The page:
Anion Exchanger 2 Regulates Dectin-1-Dependent Phagocytosis and Killing of Candida albicans
MetadataShow full item record
CitationUrso, Katia, Julia F. Charles, Gary E. Shull, Antonios O. Aliprantis, and Barbara Balestrieri. 2016. “Anion Exchanger 2 Regulates Dectin-1-Dependent Phagocytosis and Killing of Candida albicans.” PLoS ONE 11 (7): e0158893. doi:10.1371/journal.pone.0158893. http://dx.doi.org/10.1371/journal.pone.0158893.
AbstractAnion exchanger 2 (Ae2; gene symbol, Slc4a2) is a plasma membrane Cl-/HCO3- exchanger expressed in the gastrointestinal tract, kidney and bone. We have previously shown that Ae2 is required for the function of osteoclasts, bone resorbing cells of the macrophage lineage, to maintain homeostatic cytoplasmic pH and electroneutrality during acid secretion. Macrophages require endosomal acidification for pathogen killing during the process known as phagocytosis. Chloride is thought to be the principal ion responsible for maintaining electroneutrality during organelle acidification, but whether Cl-/HCO3- exchangers such as Ae2 contribute to macrophage function is not known. In this study we investigated the role of Ae2 in primary macrophages during phagocytosis. We find that Ae2 is expressed in macrophages where it regulates intracellular pH and the binding of Zymosan, a fungal cell wall derivative. Surprisingly, the transcription and surface expression of Dectin-1, the major phagocytic receptor for Candida albicans (C. albicans) and Zymosan, is reduced in the absence of Ae2. As a consequence, Zymosan-induced Tnfα expression is also impaired in Ae2-deficient macrophages. Similar to Ae2 deficiency, pharmacological alkalinization of lysosomal pH with bafilomycin A decreases both Dectin-1 mRNA and cell surface expression. Finally, Ae2-deficient macrophages demonstrate defective phagocytosis and killing of the human pathogenic fungus C. albicans. Our results strongly suggest that Ae2 is a critical factor in the innate response to C. albicans. This study represents an important contribution to a better understanding of how Dectin-1 expression and fungal clearance is regulated.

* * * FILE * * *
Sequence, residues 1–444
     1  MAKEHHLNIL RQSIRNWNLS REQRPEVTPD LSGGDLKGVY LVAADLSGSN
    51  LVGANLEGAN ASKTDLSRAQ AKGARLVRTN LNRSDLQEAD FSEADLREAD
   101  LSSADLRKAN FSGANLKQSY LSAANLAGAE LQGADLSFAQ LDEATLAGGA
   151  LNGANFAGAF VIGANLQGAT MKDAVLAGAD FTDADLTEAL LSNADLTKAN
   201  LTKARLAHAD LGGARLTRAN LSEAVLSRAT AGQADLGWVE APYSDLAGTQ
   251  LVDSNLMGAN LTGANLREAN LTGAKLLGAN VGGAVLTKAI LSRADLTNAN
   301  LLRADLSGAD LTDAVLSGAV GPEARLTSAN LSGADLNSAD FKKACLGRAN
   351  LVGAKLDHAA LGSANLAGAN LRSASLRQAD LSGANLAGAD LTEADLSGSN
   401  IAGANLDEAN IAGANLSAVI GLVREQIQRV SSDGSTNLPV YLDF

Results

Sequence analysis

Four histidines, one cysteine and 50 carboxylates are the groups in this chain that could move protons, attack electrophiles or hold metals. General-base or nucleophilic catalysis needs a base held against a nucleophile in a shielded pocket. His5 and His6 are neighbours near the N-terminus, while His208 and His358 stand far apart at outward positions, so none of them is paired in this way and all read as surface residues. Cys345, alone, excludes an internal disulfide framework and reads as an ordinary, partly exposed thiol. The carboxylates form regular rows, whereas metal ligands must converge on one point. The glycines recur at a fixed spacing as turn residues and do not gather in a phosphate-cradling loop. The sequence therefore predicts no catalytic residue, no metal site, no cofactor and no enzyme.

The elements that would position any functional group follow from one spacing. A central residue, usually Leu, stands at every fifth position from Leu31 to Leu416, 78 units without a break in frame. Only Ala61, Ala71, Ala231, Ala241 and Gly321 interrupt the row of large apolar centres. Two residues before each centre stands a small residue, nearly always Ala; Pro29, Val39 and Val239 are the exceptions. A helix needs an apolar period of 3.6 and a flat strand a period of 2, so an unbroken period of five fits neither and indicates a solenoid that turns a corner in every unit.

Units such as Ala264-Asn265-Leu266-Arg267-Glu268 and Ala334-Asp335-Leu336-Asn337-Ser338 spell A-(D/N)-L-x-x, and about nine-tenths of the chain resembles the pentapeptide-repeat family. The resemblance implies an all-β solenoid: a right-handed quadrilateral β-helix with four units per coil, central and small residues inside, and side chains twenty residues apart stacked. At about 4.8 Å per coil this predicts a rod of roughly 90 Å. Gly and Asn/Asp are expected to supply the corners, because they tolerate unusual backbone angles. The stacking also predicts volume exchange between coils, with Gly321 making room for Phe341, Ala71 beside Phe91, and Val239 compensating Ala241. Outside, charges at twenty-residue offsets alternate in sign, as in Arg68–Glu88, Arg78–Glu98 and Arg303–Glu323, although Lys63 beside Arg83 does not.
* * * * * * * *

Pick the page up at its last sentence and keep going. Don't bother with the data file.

Citable link to this pagehttp://nrs.harvard.edu/urn-3:HUL.InstRepos:27822154
- HMS Scholarly Articles